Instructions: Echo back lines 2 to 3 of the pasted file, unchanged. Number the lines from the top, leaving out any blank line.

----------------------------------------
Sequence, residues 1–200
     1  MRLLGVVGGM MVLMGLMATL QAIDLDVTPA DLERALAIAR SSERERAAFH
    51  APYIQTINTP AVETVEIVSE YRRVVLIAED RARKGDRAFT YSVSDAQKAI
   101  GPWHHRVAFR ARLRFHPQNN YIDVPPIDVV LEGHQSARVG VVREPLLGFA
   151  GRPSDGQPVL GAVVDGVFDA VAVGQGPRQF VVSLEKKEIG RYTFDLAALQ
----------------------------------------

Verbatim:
     1  MRLLGVVGGM MVLMGLMATL QAIDLDVTPA DLERALAIAR SSERERAAFH
    51  APYIQTINTP AVETVEIVSE YRRVVLIAED RARKGDRAFT YSVSDAQKAI